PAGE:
(JACKSON, Miss.) – Jackson State University art professor Yumi Park will give a gallery talk at 6 p.m. Thursday, Nov. 8, about the exhibition, Mirrors of Clay: Reflections of Ancient Andean Life in Ceramics from the Sam Olden Collection, currently on display at the Dollye M.E. Robinson Liberal Arts Gallery at JSU.

Park will give detailed information about the objects and how they were used in ancient life. The visitors will also have the opportunity to ask questions and get an up-close view of the objects. The event will be the first of three gallery talks during the Mirrors of Clay exhibition.

The exhibition, which will be held through Nov. 15, is a partnership between JSU and the Mississippi Museum of Art. The show features 60 ceramic vessels from ancient Andean American cultures, including the Cupisnique, Chavín, Vicús, Nazca, Moche, Tiwanaku, Lambayeque, and Chimú, which flourished between 1200 BCE and 1550 CE. These distinctive vessels, selected from the collection of Sam Olden, were given to the Mississippi Museum of Art. The pieces reveal each culture’s stylistic aesthetics, religious ideologies and political roles. The Pre-Columbian vessels in the exhibition are mainly from the Andean region of South America, which includes the modern countries of Ecuador, Peru and Bolivia.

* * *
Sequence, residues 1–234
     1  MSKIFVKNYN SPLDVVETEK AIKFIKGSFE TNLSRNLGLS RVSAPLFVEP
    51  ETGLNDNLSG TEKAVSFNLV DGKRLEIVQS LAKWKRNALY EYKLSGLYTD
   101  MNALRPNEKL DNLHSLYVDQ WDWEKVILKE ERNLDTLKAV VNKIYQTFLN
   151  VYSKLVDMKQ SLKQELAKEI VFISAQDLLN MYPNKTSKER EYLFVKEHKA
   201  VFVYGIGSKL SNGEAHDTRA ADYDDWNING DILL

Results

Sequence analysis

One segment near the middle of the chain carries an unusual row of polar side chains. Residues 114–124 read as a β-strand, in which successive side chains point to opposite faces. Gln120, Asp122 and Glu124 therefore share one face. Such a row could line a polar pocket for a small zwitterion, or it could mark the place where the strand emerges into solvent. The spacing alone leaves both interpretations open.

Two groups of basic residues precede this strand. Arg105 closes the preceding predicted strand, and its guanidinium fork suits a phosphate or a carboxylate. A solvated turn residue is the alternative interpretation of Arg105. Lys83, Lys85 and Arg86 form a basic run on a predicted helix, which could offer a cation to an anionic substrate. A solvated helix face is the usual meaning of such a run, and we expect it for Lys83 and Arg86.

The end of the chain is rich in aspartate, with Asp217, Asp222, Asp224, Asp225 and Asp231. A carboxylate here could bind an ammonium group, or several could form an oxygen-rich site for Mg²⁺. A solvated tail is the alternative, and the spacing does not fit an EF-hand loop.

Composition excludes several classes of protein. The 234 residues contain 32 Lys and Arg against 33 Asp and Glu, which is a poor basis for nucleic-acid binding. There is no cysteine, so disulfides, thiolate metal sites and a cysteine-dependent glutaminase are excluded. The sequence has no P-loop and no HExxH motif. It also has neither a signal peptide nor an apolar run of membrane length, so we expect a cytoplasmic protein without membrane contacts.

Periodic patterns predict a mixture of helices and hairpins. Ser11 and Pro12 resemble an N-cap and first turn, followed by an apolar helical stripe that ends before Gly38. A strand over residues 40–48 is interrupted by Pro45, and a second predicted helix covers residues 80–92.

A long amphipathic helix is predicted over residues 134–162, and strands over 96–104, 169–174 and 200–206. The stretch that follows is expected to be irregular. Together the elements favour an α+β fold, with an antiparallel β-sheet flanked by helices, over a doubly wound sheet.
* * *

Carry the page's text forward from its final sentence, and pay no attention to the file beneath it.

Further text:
Photo by Eric Huntington

Park is the author of the accompanying exhibition catalogue, which was published by the University Press of Mississippi. A scholar of Pre-Columbian and Native American art, Park focuses especially on the Andean civilizations of South America.

“Jackson State University is honored to partner with the Mississippi Museum of Art and the University Press of Mississippi to present this wonderful exhibition, which provides us with a window to the ancient world,” said JSU President Carolyn W. Meyers. “We are delighted that we can contribute our talents and expertise to such an important project.”

In the exhibition catalogue, Park analyzes technologies, forms and decorative designs to reveal the unique aesthetics, social stratifications, religious ideologies and political roles within each culture. Ancient Andean potters expressed their native individualities by depicting the forms of warriors, deities, architecture, flora, fauna and daily life on their ceramic vessels. The catalogue introduces the important role of ceramics in understanding ancient Andean beliefs about communication with ancestors, cosmic reciprocity and shamanism.

Photo by Eric Huntington